InterFace Conference

A new game conference begins in Troy, Michigan.

Less than two weeks after eventually getting home from SIC 2007, I departed (in the same vehicle) for a new, single day, game conference that was only a couple hour drive from here. The InterFaces Conference, as it was called, was presented by the local International Academy of Design & Technology (IADT Detroit) at a local community center.

Instead of attending the conference itself, which was geared toward students looking for a career in the game industry, I chose just to help man the IGDA (International Game Developers Association) table for the afternoon shift. (Here is the photographic evidence.)

The conference drew an impressive number of attendees, reportedly over 200, for a first-time event. The secret, it turns out, is that attendance was required of all IADT students, so that was probably 90% of the crowd, with instructors, presenters, and exhibitors making up much of the rest. Nevertheless, there appeared to be a great deal of enthusiasm and I heard nothing negative at all.

After the conference, the IGDA chapter meeting took place at the IADT Detroit campus. Unfortunately, the directions (given by one who will not be named here) stretched the short half mile trip to about 8 miles. It could have been longer, but I got suspicious about the instructions as I was leaving Troy, the home city of both the departure and destination points. (Not one, but two incorrect turns took me in exactly the opposite direction of that intended.)

The meeting featured a presentation on professional Xbox Live development by Cris Boyer of Variant Interactive, a (or, rather, the) game publisher located in Michigan. It was certainly an enlightening talk, providing some general guidelines for approaching development for the Xbox 360 console, starting with the Xbox Developer Programs link. He also gave some very specific information, such as a direct contact name at Microsoft and the price of the dev kit for approved developers. Frankly, it was inspiring to know that this is realistically within the reach of an accomplished independent game company.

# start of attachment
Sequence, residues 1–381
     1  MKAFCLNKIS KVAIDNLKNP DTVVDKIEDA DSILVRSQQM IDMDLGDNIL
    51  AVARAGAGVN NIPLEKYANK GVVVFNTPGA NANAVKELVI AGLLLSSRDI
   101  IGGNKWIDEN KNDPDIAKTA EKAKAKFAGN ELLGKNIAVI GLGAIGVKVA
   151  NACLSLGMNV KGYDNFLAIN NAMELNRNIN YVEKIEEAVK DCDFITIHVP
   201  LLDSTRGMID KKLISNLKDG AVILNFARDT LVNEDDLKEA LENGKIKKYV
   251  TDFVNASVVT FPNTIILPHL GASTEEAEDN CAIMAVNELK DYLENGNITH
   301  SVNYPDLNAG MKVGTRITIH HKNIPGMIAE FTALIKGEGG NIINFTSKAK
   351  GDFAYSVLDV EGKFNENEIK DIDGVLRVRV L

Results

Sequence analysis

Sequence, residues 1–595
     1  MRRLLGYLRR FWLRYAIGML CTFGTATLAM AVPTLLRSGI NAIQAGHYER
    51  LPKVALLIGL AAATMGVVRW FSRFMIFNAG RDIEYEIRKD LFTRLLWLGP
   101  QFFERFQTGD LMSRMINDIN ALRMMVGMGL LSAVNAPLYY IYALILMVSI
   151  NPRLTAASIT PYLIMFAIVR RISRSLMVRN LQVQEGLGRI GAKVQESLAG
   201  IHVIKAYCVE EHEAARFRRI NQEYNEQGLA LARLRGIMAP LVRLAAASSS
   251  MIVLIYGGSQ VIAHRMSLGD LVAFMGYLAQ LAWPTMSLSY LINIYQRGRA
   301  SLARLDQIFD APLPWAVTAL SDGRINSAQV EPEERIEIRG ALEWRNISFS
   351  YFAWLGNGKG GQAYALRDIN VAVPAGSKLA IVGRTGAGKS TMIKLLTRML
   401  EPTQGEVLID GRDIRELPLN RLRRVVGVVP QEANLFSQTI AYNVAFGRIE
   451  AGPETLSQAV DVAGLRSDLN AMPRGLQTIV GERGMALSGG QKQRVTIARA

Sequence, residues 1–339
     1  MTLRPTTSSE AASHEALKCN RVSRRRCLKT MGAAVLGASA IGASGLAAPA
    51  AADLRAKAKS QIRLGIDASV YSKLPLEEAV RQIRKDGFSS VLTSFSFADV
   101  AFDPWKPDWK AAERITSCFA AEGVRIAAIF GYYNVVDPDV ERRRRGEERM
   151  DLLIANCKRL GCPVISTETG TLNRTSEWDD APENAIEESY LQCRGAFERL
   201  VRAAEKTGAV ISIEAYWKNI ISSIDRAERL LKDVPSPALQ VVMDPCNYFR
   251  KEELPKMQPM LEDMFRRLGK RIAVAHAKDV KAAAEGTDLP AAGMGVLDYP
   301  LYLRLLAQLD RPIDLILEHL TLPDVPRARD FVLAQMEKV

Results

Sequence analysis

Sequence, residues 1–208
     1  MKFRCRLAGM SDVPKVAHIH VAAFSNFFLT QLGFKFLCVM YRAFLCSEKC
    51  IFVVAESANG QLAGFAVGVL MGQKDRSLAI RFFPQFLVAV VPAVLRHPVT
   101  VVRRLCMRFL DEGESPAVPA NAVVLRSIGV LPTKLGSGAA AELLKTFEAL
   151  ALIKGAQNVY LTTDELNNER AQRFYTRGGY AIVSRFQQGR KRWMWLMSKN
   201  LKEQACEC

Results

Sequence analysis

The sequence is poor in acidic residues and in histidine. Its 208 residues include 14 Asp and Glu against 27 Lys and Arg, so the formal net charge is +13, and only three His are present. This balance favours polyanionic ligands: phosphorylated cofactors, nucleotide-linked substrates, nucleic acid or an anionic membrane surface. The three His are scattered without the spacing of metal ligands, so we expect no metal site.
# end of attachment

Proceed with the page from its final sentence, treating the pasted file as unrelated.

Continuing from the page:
Unfortunately, upon returning to my vehicle, I discovered that the right front tire had gone completely flat and, adding insult to injury, the special lug wrench required to free the spare tire had been removed from the van. After considerable inconvenience (after 8pm on a weekend), I finally got onto a temporary spare that would get me back home, but not much further. I arrived back at the office early Sunday morning.

Two conferences, two breakdowns; I can hardly wait for the next one.

SIC 2007 Diary, Day Last

The conference ends and the long journey home begins.

Sunday got underway early in the morning under less than ideal circumstances. Apparently, there was a reunion of the Taipei American School in the conference hotel while we were there. The first sign of trouble (or fun, your choice) was that a notice was posted in the elevators to inform TAS guests that mooning from the glass elevator and streaking through the lobby were not going to be tolerated. Well, it seems that they closed the bars and held an afterparty in a room across the hall from mine. It was very noisy and did not get shut down (by hotel management) until after 3:30am.